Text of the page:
Twice in my life I have read novels by unknown-to-me Nordic authors simply because they won the Nobel Prize, and in both cases they were really, really great. The first was Independent People, by Halldór Laxness. The second, which I’ve just finished, was Pär Lagerkvist’s short novel The Dwarf, in Alexandra Dick’s translation. Looks like I’ll have to try Knut Hamsun.
Here’s the opening paragraph. The impression this gives of the book is exactly correct.
I am twenty-six inches tall, shapely and well proportioned, my head perhaps a trifle too large. My hair is not black like the others’, but reddish, very stiff and thick, drawn back from the temples and the broad but not especially lofty brow. My face is beardless, but otherwise just like that of other men. My eyebrows meet. My bodily strength is considerable, particularly if I am annoyed. When the wrestling match between Jehoshaphat and myself I forced him onto his back after twenty minutes and strangled him. Since then I have been the only dwarf at this court.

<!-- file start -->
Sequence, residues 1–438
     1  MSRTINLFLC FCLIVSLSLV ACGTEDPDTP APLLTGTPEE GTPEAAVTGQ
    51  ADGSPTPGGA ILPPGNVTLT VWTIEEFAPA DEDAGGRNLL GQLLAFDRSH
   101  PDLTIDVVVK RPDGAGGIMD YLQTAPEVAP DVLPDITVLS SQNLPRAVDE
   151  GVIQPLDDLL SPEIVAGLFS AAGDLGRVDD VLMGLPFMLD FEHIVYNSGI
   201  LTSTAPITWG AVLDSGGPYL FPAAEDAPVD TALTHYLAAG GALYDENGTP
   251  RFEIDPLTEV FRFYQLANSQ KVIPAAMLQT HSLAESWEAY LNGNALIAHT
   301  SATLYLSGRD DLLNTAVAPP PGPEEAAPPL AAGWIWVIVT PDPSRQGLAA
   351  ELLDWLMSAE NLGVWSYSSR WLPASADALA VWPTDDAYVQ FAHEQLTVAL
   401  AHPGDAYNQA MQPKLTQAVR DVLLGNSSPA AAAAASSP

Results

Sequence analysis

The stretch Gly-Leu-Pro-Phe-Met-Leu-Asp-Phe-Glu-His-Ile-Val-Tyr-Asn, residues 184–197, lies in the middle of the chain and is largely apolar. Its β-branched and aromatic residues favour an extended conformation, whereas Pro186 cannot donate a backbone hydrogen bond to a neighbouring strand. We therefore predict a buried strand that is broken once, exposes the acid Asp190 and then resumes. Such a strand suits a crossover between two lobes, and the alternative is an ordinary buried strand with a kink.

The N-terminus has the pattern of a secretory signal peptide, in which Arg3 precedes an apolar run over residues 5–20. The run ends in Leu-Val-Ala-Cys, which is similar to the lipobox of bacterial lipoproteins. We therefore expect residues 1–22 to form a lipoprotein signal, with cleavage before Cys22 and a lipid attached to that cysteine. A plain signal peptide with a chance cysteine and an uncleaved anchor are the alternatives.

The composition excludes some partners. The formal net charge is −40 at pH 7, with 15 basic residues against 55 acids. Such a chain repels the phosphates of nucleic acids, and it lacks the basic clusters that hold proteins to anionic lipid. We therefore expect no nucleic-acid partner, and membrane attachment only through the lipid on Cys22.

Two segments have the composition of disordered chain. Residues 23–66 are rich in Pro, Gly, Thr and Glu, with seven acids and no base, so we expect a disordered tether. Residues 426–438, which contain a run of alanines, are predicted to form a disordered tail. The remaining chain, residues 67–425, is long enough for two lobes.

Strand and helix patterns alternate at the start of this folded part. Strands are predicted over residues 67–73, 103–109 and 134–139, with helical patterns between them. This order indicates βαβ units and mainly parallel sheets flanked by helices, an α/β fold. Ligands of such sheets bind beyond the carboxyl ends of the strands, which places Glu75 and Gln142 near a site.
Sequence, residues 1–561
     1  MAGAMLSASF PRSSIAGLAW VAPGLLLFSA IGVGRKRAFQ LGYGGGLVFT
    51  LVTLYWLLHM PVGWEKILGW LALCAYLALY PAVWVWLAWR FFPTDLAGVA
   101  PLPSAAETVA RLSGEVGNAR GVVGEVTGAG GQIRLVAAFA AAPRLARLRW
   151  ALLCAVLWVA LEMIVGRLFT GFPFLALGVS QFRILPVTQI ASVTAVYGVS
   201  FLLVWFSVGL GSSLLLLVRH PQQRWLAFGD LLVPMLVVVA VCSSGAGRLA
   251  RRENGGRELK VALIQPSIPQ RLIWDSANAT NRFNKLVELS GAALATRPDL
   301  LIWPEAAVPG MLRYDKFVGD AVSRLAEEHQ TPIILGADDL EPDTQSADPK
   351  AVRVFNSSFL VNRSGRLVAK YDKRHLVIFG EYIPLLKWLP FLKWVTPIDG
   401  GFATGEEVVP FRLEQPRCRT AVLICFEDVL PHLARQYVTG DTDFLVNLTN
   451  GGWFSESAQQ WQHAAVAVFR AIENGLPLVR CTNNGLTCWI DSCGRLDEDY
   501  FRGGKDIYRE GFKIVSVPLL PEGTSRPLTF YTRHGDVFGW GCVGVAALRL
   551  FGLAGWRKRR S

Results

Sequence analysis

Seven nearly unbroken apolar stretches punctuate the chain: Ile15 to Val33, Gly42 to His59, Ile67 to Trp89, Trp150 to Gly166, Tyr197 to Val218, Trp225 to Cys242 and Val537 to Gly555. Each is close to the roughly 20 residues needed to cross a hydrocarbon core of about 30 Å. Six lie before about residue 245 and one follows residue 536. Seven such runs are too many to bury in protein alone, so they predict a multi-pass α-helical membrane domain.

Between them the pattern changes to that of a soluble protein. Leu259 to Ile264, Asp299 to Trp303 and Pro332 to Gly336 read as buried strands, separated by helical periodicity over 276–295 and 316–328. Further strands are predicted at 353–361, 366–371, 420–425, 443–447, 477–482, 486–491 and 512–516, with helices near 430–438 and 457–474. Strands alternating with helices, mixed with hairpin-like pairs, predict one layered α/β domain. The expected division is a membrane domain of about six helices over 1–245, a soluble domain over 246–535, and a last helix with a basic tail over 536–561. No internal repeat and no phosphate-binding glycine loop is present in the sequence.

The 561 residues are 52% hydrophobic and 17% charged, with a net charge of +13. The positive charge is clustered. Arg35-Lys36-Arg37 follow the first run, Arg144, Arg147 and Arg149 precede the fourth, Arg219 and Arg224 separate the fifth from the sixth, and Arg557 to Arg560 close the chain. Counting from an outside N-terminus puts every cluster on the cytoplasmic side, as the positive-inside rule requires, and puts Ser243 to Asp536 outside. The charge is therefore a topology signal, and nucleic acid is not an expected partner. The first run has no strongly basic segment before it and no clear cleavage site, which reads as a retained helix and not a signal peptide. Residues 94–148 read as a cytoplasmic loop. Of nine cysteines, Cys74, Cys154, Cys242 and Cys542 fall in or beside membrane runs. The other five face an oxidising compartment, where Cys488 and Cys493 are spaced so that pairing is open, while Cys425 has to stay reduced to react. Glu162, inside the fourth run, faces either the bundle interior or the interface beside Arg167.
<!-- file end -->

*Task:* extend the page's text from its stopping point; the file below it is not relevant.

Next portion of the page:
The prevailing critical take about The Dwarf seems to read it as a meditation on evil, but I don’t think that’s quite right — it’s much more like a meditation on childishness. What’s going on here is something like this. We find the innocence and freedom of childhood attractive, but this is only because actual children are small and weak. Lagerkvist takes the mental qualities we associate with children — first and foremost an incomprehension, verging on horror, of adult appetites and their satisfaction, but also impulsivity, stubbornness, and moral rigidity — and imparts them to a being with the power to do something about them. The result is something like psychopathy. Or, if you want, evil.
(As for the first paragraph — just note that the dwarf’s height is given in inches only, not feet and inches, like that of an infant. And that the story told is a compressed little fantasy of sibling rivalry.)
The Dwarf is from 1945, the height of the psychoanalytic era. So my guess is that the question implicit in the book, “What happens when a furious child is working the gears of an adult body?” was meant to be taken literally.